Brazilian researchers develop nanocompound for targeted treatment of tumors | AGÊNCIA FAPESP

Brazilian researchers develop nanocompound for targeted treatment of tumors The proposition is to use nanoparticles that can be guided by applying an external magnetic field to attack solid tumors resistant to conventional treatment (image: researchers’ archive)

Brazilian researchers develop nanocompound for targeted treatment of tumors

December 15, 2021

By Janaína Simões  |  Agência FAPESP – Researchers at the Federal University of the ABC (UFABC) in the state of São Paulo, Brazil, have developed a nanotechnology platform for targeted treatment of tumors without affecting healthy tissue and with less risk of side-effects. To do so, they used a property called superparamagnetism to ensure that the nanoparticles deliver the compound of interest only to cancer cells.

“We’ve created a novel material, an original. It consists of a magnetic core of magnetite [Fe3O4] to which we add silver [Ag] nanoparticles coated with a polymer containing a nitric oxide [NO] donor. It has low toxicity and good biocompatibility. We’ve applied to National Institute of Industrial Property [INPI, the Brazilian patent office] for a patent,” said Amedea Barozzi Seabra, a professor at UFABC and one of the scientists involved in the project. She conducted the research in collaboration with colleagues at the State University of Londrina (UEL) in Paraná state, Brazil, and the University of Lorraine (UL) in France.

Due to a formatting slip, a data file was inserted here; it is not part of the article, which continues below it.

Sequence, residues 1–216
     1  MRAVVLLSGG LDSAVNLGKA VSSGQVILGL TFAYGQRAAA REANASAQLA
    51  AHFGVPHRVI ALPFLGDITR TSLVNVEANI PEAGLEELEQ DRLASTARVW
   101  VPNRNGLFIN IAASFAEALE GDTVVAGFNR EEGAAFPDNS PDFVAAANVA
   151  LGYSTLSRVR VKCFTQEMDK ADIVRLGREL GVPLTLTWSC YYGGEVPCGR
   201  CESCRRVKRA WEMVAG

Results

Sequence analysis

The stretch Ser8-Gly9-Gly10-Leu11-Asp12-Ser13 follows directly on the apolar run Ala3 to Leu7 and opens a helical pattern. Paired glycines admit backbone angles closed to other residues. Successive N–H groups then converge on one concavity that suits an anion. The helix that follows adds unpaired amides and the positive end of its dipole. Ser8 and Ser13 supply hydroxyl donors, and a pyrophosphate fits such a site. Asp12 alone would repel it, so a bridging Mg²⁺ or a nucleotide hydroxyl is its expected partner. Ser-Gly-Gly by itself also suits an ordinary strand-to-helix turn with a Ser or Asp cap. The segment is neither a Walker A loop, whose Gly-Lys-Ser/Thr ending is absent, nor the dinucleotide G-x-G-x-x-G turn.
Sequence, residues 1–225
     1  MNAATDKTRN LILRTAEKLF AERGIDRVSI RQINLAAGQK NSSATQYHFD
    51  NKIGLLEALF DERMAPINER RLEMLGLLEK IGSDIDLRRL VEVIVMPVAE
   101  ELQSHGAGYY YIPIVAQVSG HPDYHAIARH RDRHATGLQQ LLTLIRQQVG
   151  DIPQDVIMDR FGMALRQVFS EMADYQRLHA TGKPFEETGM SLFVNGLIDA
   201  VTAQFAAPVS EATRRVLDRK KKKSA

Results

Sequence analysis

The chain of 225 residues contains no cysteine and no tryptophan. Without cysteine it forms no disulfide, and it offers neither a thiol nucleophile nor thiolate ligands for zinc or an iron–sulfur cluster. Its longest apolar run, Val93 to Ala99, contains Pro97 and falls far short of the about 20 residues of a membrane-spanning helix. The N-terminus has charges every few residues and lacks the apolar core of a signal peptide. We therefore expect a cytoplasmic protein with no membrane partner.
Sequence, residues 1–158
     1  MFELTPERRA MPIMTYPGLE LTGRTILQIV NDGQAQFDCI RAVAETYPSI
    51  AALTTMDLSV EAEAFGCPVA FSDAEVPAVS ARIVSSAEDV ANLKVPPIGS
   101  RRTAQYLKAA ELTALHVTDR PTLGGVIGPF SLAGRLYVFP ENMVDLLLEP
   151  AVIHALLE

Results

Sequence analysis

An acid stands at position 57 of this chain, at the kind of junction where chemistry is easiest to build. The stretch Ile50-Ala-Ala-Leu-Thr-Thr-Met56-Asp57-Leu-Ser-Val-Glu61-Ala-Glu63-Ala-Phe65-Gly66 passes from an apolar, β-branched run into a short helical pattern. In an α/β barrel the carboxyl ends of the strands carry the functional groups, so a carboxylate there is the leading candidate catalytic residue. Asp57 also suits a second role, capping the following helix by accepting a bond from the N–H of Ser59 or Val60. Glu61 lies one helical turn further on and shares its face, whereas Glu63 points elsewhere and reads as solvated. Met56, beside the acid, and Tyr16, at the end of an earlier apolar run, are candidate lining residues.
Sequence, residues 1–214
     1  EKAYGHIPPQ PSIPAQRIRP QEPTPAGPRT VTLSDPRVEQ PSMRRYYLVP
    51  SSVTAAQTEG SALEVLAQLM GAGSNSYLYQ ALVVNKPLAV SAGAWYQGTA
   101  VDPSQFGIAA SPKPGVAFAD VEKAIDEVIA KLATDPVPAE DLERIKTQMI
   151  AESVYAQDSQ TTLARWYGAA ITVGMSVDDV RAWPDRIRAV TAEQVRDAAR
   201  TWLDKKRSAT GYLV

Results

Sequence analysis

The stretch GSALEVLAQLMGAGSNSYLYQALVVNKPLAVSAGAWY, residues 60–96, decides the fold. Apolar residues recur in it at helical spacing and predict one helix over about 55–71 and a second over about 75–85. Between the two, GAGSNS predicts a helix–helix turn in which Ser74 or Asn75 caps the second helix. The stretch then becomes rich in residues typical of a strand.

According to Seabra, a magnetic compound can be guided to the target site by applying an external magnetic field. In the case of superparamagnetism, the nanoparticles align in the same direction at room temperature when the magnetic field is applied. When it is removed, they become randomly oriented and immediately return to the initial state without residual magnetization. “It’s like using a light switch. You press the switch and turn on the light. You press it again and the light goes out. All this happens at room temperature,” she said. In other words, superparamagnetic substances do not retain magnetization once the external field has been removed, and have no magnetic memory.

Joana Claudio Pieretti, first author of an article on the study published in the Journal of Materials Science: Materials in Medicine, was supervised by Seabra for her master’s research resulting in the nanotechnology platform, with funding from FAPESP (18/08194-2; 19/07766-5; and 18/02832-7). Both are affiliated with UFABC’s Center for Natural and Human Sciences (CCNH).

Interest in versatile multifunctional materials is currently high among scientists, Seabra explained, citing the example of moisturizing agents in cosmetics that also improve skin firmness and smooth expression wrinkles. “We set out to develop a single material and add functionality to it. We added elements to the nanoparticle, each with a function, to arrive at a compound capable of treating various kinds of tumor,” she said.

Magnetite was chosen because it is superparamagnetic. Silver nanoparticles were added to this material. They were obtained from green tea, which is rich in antioxidants such as polyphenols and caffeine. “These molecules act as powerful reducing agents, reducing the silver ions to form silver nanoparticles, while also helping to stabilize them,” Pieretti said.